PDA

View Full Version : Is Iceland Considered Part of Europe?


Gangster Octopus
03-31-2004, 04:49 PM
I was sitting around witha couple of friends, one form ENgland, one form Northern Irela d and one from Belgium. I asked whether they thought of Iceland as part of Europe and the two from the UK said No and even seemed surprised that I had to ask. The one from Belgium was quite emphatic, that yes, it was. So is it or isn't it?

I know Iceland is in considered part of UEFA the European Football association, but so is Israel, which clearly is not Europe. Iceland is not part of the European Union but several European countries are not, so.....

Horatio Hellpop
03-31-2004, 05:06 PM
Culturally, yes. It's culturally Scandanavian, and has been for over a millennium. It's an outpost of Europe, but Europe nonetheless.

What I wanna know is, are Georgia and Armenia considered part of Europe?

pulykamell
03-31-2004, 05:09 PM
I've never really heard it refered to as part of Europe. AFAIK, it's considered southwestern Asia/Asia minor.

clairobscur
03-31-2004, 05:51 PM
What I wanna know is, are Georgia and Armenia considered part of Europe?



I'm wondering the same, and once asked about it (on another board) but could got only unconclusive answers. I suspect there's no clear-cut definition of what europe is exactly. I hope there will be some enlightened responses, though.

mancunian
03-31-2004, 06:09 PM
I've never really heard it refered to as part of Europe. AFAIK, it's considered southwestern Asia/Asia minor.

What are you talking about? It's Northwest Europe. If not, it's certainly never anywhere near a thousand miles of any part of Asia, whether minor or otherwise, it's near the Arctic circle ffs. Jeez.

http://www.sitesatlas.com/Maps/Maps/Europe.htm

clairobscur
03-31-2004, 06:11 PM
What are you talking about? It's Northwest Europe. If not, it's certainly never anywhere near a thousand miles of any part of Asia, whether minor or otherwise, it's near the Arctic circle ffs. Jeez.

http://www.sitesatlas.com/Maps/Maps/Europe.htm


He was responding, I believe, to the previous post/hijack regarding Armenia.

mancunian
03-31-2004, 06:14 PM
He was responding, I believe, to the previous post/hijack regarding Armenia.

Maybe a quote would've made that clear.

Apologies.

Strutur
03-31-2004, 06:35 PM
Iceland is in most aspects European and most Icelanders feel Icelanders first, Scandinavian second and European third. A bit of trivia: Iceland is torn by as much as 7cm every year between the American raft and the NW European. Buy a hektar now, on the faultline and watch it grow.

We are also more American in many aspects than most European countries. American produce is more visible here than in the rest of Europe. The US has a base here and american culture permeates the whole island. Our "sister" nations are Norway, færoyar and Denmark, then Sweden and finland.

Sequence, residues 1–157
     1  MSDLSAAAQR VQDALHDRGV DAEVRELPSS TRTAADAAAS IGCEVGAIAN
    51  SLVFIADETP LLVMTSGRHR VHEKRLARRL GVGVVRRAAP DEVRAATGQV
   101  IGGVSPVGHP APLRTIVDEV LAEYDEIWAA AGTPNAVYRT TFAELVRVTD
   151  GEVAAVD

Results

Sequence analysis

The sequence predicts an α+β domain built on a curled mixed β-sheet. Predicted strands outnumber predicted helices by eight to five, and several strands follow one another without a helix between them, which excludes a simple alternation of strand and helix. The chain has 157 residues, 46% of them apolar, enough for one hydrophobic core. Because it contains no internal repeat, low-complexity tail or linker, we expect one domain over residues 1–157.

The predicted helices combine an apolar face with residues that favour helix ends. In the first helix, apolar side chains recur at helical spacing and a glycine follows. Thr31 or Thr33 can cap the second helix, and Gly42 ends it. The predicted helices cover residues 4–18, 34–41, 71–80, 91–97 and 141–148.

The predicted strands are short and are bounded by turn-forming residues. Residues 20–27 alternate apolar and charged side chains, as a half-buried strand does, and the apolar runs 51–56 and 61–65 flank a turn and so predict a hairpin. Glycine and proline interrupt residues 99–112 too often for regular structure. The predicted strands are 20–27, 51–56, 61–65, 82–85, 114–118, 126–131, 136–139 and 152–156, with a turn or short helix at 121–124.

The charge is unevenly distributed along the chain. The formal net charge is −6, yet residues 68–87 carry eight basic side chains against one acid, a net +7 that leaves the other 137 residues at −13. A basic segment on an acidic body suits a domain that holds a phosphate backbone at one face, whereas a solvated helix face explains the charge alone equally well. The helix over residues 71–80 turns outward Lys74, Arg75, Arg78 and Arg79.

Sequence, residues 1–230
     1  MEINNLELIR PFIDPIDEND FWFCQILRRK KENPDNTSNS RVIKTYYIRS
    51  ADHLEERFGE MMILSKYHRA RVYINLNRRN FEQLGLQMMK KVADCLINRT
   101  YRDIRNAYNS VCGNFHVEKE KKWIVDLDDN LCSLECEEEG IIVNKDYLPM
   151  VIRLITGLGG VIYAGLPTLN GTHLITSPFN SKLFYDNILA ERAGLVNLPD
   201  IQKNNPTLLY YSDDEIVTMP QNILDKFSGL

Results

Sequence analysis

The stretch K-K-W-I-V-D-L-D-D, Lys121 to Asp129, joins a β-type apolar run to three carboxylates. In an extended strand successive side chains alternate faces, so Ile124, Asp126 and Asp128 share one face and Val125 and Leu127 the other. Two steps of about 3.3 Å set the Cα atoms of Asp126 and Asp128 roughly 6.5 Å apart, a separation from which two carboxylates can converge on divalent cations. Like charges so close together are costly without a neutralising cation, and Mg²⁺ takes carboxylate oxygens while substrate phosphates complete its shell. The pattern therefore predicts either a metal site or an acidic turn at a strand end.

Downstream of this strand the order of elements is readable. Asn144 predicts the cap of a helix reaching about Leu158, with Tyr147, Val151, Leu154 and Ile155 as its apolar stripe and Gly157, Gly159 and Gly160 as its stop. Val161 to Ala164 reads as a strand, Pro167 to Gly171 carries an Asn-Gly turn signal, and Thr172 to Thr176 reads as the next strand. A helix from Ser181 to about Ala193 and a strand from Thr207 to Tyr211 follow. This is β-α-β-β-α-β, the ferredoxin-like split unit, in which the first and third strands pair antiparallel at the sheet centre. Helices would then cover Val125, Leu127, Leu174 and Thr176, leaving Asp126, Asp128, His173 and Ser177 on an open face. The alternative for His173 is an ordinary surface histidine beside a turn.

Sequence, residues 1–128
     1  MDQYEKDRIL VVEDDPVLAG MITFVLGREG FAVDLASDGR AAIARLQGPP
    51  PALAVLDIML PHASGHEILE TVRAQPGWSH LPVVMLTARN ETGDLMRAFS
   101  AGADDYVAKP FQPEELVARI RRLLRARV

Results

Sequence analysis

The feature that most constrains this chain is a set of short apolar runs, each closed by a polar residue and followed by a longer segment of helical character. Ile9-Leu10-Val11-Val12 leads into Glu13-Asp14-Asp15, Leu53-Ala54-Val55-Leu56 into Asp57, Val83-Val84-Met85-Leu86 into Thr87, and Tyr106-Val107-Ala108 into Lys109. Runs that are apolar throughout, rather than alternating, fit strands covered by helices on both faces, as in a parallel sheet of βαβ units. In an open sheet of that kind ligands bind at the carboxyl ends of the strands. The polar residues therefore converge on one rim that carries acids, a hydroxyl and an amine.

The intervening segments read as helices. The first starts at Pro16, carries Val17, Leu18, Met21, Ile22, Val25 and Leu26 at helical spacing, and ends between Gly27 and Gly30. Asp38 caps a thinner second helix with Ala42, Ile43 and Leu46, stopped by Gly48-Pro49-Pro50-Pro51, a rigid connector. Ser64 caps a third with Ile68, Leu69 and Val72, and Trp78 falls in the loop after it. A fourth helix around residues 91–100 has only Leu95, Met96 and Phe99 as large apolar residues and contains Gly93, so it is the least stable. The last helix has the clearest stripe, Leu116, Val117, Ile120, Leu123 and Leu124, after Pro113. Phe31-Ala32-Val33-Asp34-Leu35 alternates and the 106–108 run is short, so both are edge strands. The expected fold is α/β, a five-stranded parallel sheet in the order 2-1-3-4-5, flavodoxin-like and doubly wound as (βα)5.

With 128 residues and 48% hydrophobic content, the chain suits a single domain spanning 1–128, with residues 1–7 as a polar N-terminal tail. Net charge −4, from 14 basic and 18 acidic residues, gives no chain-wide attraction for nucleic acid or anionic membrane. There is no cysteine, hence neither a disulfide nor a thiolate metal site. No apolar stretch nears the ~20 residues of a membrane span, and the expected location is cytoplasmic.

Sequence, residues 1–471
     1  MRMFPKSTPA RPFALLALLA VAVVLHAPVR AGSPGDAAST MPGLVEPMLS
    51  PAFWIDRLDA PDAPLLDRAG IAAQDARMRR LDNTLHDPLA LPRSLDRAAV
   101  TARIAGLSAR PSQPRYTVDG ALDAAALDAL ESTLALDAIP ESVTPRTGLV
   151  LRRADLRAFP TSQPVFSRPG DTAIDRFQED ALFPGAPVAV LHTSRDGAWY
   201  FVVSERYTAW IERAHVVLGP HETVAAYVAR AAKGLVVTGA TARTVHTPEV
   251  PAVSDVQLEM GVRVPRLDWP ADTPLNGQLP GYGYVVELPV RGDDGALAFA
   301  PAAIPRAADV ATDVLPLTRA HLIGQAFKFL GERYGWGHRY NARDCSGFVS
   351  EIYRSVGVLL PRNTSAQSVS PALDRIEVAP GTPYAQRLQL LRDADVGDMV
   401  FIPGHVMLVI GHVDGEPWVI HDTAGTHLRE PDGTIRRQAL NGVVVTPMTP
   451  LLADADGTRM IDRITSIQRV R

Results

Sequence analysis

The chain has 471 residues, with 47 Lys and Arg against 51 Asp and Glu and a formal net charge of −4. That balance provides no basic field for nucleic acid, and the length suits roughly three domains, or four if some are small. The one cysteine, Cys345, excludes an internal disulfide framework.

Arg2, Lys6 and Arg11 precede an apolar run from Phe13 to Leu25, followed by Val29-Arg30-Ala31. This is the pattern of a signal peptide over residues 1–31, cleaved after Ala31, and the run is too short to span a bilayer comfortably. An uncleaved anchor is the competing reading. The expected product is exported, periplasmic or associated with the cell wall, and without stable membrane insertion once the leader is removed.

InTransit
03-31-2004, 06:40 PM
Completely off-topic, but I adore Iceland! I've had the opportunity to visit twice and are always surprised at the people and land.

JRDelirious
03-31-2004, 06:47 PM
Socioculturally, and politically, European. Scandinavian. And way :cool:

Geologically, though, it's not part of the continent of Europe, it's a large mid-oceanic "hotspot" island, arising out of the Mid-Atlantic Ridge's volcanic activity.




As to the Caucasus, Armenia is historically considered a SWAsian nation.

AngelicGemma
04-01-2004, 06:54 AM
I have always thought of it as part of Europe.

Frame Dragging
04-01-2004, 07:18 AM
I'm American and lived in Germany for a year as a student. Not on a US base. I've visited Iceland twice. I find Iceland more European than North American. Why? It's the toilets and urinals. The bedding in the beds. The foods served at meals. The high gasoline prices. The lack of English words used in everyday language - you Icelanders should be proud of that. I find too much everyday English creeping into German usage. International symbol traffic signs used on the highways. Strong coffee. Small cars. And my favorite souvenir - the Icelandic phonebook. Probably the only phonebook in the world where you look someone up by their first name. You read that right; you look someone up in the book by their first name. Guess that's kinda American because I worked with some Germans for weeks before I learned their first name.

I returned to Germany in 2002 via Iceland. Iceland provided the passport control for Germany, stamping my passport with the European ring of stars with IS in the middle. Upon arrival at Frankfurt, there was no passport control just customs. The return home was the same. Passport was stamped again in Iceland not Germany providing proof I'd departed the something agreement nations.

On the American side, Iceland does have a shopping mall or two - very American.

Icelandair has some great deals from North America especially from October to March. Check them out on the web, buy a package, and see for yourself.

Aeschines
04-01-2004, 07:22 AM
Island is a Nordic country, NOT Scandinavian. There are four Nordic countries: Iceland, Findland, Norway, Sweden, and Denmark. On the last three are Scandinavian.

Mops
04-01-2004, 07:23 AM
Let's put it this way: if Iceland were to be considered part of America, the 9th century discovery of Iceland would have to be considered the European discovery of America, and I for one have never seen this stated anywhere.

Snooooopy
04-01-2004, 08:05 AM
Island is a Nordic country, NOT Scandinavian. There are four Nordic countries: Iceland, Findland, Norway, Sweden, and Denmark.

Check your math?

Aeschines
04-01-2004, 08:08 AM
Check your math?Whoopsadaisy--five?

Colibri
04-01-2004, 10:03 AM
Culturally, yes. It's culturally Scandanavian, and has been for over a millennium. It's an outpost of Europe, but Europe nonetheless.

What I wanna know is, are Georgia and Armenia considered part of Europe?

Traditionally, the Caucasus Mountains are considered the boundary between Europe and Asia in that region. Georgia, Armenia, and most of Azerbaijan are south of the Caucasus ("Transcaucasian") and thus technically Asian. (A small part of Azerbaijan is in Europe.)